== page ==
In its short life, the Sabaton History Channel has done pretty well for itself. They’ve produced over 30 videos, all of which are around 15-minutes, and work with a team of 3 historians in the development of each episode. The number,  the content, and the size of each video are all evidence of Sabaton‘s ambition, trying to create good and engaging educational content.
While many might scoff at the idea of a heavy metal band educating anyone, the fact remains that history books are not exactly flying off the shelves. Because of this, a good way to get people engaged and interested in history is by reaching out in a format that works for them. Intellectual elitism, restricting education to traditional means,  only results in education reaching less people. Sabaton‘s channel can really be the first step into getting people interested enough to learn more.

“Most people probably wouldn’t be interested in reading a book about these events. If you’d ask me five years ago if I thought that it’s important to educate people in history, I probably would have said yes, but that it wasn’t my job to do it. Nowadays I feel that I can actually do this.”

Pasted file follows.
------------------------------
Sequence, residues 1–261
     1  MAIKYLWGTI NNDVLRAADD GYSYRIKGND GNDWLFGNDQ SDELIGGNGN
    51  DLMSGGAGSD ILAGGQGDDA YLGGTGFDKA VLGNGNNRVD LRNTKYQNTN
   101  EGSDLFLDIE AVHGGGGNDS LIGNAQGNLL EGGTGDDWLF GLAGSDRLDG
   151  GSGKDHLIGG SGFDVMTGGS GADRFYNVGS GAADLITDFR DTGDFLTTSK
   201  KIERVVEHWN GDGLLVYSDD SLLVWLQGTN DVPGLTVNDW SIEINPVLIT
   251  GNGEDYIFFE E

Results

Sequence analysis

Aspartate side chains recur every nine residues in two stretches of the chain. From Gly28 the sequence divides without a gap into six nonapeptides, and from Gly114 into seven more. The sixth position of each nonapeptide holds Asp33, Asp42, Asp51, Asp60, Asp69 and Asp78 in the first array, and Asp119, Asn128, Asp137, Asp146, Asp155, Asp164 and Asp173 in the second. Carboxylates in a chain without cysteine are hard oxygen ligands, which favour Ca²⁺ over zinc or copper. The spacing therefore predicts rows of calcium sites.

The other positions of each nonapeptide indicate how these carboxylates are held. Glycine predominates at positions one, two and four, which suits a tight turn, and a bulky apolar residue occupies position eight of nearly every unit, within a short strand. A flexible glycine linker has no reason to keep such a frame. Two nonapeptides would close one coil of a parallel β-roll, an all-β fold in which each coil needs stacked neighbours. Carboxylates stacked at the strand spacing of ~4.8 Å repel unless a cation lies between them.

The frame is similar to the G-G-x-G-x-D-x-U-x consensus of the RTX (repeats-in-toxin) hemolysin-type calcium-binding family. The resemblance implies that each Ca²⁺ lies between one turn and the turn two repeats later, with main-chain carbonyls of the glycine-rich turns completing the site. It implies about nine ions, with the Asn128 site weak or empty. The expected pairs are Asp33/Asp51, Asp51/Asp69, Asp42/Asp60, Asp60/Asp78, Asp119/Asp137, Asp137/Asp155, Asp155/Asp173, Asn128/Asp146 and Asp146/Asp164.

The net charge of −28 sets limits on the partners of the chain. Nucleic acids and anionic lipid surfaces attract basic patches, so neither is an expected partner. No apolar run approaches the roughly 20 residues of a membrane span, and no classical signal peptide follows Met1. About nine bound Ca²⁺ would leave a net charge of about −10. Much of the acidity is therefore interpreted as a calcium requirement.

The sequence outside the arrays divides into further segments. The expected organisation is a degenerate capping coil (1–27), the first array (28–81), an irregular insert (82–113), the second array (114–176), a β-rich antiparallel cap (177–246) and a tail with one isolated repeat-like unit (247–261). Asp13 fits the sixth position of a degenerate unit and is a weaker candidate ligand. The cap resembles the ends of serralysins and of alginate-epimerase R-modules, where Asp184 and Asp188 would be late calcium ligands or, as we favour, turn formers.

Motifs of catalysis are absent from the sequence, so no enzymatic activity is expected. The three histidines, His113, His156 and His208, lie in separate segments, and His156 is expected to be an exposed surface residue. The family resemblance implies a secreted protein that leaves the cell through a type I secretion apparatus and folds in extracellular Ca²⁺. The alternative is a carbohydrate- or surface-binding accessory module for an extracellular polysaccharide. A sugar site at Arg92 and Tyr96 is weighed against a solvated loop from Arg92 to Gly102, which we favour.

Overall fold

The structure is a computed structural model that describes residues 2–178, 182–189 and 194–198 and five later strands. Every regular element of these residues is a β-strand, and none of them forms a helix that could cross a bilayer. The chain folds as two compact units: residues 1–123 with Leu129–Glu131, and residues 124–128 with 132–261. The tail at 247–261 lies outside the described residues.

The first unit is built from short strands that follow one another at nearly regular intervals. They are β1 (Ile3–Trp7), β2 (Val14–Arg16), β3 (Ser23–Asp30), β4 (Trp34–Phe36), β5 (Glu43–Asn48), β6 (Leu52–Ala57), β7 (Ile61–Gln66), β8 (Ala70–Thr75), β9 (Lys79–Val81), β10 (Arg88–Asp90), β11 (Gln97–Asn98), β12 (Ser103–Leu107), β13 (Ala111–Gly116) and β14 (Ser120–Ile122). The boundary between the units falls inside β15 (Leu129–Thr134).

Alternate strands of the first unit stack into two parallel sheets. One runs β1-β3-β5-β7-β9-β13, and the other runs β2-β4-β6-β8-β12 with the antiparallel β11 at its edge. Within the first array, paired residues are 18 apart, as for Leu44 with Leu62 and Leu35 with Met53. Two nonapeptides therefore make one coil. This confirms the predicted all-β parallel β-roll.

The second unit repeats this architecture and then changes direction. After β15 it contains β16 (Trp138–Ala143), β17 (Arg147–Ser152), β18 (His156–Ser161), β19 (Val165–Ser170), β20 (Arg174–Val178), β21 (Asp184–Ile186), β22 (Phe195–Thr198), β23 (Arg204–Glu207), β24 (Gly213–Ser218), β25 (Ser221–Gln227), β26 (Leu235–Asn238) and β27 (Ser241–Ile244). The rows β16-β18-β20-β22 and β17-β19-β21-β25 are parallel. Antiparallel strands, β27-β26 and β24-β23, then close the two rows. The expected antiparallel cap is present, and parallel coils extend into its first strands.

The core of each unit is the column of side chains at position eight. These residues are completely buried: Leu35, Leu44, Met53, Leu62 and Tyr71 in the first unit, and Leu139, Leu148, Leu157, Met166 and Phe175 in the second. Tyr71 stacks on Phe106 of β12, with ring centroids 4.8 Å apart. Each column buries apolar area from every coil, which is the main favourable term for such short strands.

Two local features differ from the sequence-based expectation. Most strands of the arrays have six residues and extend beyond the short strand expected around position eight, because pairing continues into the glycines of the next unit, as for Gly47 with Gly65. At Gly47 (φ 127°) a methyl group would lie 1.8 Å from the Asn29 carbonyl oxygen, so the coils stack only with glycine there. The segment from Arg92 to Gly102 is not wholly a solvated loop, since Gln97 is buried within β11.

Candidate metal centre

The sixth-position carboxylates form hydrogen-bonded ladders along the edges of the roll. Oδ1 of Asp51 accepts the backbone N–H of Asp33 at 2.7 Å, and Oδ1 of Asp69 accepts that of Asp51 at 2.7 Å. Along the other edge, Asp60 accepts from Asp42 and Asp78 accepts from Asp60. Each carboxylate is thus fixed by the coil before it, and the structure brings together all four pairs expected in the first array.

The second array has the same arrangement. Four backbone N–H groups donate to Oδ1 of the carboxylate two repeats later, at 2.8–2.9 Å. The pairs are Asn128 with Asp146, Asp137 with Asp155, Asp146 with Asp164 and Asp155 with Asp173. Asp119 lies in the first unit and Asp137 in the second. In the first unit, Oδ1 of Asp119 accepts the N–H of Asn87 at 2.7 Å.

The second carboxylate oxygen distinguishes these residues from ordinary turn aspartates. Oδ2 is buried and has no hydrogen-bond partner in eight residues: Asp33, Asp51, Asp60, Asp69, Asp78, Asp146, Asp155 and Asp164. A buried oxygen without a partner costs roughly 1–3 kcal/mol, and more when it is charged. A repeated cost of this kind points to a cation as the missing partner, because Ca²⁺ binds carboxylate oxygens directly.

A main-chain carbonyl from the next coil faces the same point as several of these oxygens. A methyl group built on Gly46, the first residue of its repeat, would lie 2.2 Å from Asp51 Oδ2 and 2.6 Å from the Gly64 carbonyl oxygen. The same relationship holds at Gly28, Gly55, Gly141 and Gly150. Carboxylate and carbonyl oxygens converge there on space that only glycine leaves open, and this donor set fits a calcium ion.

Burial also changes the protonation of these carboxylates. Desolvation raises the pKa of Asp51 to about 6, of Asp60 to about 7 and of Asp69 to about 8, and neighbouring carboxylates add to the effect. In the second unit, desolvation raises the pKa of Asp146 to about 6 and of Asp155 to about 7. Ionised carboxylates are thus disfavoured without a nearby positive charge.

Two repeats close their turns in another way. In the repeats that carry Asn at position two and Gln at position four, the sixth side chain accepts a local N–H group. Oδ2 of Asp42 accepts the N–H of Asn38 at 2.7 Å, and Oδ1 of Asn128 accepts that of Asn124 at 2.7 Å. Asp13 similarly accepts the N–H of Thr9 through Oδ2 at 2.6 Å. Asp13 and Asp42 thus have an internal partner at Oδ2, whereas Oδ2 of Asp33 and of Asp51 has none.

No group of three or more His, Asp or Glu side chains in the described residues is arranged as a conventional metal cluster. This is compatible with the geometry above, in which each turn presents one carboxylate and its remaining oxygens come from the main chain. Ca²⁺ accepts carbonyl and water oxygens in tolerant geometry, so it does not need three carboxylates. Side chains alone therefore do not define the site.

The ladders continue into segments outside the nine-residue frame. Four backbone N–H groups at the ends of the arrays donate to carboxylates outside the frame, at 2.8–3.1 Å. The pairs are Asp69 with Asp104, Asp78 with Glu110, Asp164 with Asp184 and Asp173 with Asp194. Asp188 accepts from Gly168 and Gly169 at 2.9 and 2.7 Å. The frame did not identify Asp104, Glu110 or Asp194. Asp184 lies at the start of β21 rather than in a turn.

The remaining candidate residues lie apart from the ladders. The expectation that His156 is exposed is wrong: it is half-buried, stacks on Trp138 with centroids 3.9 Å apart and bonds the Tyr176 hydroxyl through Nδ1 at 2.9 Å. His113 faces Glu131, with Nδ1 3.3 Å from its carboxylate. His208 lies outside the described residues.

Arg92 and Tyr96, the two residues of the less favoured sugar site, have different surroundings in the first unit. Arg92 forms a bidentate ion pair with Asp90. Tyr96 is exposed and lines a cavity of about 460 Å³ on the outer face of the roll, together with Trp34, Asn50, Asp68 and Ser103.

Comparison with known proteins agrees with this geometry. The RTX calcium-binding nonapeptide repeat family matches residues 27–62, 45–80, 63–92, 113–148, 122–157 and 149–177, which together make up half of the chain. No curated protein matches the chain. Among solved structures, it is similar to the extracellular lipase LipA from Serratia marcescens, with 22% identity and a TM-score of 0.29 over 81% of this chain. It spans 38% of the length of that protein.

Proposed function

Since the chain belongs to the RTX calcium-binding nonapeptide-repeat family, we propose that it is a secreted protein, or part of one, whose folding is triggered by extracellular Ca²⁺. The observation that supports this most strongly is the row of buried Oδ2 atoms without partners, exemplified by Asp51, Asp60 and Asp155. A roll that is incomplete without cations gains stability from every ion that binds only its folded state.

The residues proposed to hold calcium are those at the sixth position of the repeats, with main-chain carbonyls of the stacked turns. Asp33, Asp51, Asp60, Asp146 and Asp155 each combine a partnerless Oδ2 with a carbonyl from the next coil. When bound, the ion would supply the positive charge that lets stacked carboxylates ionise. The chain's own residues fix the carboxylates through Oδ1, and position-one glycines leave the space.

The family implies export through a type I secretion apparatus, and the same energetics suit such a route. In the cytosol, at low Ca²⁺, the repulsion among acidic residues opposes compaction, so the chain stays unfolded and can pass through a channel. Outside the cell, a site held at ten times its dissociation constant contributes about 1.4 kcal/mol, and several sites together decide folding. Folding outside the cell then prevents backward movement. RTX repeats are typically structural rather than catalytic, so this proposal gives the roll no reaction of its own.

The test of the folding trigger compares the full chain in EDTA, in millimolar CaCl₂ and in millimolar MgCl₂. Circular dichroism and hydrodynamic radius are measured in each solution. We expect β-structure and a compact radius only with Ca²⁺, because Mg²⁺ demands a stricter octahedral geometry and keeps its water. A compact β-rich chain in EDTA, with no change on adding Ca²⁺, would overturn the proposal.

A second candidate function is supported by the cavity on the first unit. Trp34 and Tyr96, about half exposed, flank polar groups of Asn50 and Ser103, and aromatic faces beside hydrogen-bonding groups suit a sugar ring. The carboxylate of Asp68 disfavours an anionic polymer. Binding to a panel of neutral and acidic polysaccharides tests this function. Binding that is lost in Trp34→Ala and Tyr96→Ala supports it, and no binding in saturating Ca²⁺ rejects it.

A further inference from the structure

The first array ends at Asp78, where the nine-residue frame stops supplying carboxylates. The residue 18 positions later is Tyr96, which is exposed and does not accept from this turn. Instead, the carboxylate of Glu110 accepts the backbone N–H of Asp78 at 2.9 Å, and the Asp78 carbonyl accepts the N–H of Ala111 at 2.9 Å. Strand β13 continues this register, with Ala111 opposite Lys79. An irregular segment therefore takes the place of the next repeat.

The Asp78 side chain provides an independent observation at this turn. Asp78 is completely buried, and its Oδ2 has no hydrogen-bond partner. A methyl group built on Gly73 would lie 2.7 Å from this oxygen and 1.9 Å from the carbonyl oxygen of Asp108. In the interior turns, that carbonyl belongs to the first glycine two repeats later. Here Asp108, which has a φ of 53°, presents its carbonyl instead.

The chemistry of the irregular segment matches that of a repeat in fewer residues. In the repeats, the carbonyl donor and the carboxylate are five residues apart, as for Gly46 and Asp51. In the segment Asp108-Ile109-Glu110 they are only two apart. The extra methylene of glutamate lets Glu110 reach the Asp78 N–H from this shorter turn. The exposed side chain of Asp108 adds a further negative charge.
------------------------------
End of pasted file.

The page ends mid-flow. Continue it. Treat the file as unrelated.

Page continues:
Whenever history is being discussed, it’s a cliché to quote George Santayana‘s  famous dictum of “those who do not remember the past are condemned to repeat it.” I guess that Pär has heard it enough times that he almost sounds defensive when, unprompted, he dismisses the idea of Sabaton‘s music playing some larger role in the making of history.

“I sometimes get asked if I think that teaching history can be useful to prevent future wars, because then we won’t want to repeat history. No, I don’t think so. That’s not gonna happen. But will it make Sabaton fans not want to go to war? Well, I think a lot of our fans probably wouldn’t go to war for other reasons. I mean, I wouldn’t go to war unless war really comes to me. I don’t know anyone who could, for example, convince me to join the Swedish army to invade Finland or some other country [laughs] That’s just not gonna happen.”

Pär with Sabaton at Wacken 2019

For Sabaton, whose entire discography deals with war, it is common to be accused of celebrating war, or to glorify some of the participants. Some people accused them of being nazis, while others accuse them of supporting communists. Many seem unable (or unwilling) to understand that theirs is not a political goal. They just want to tell stories about these epic battles with their music and, hopefully, in the process, make people want to learn more about them.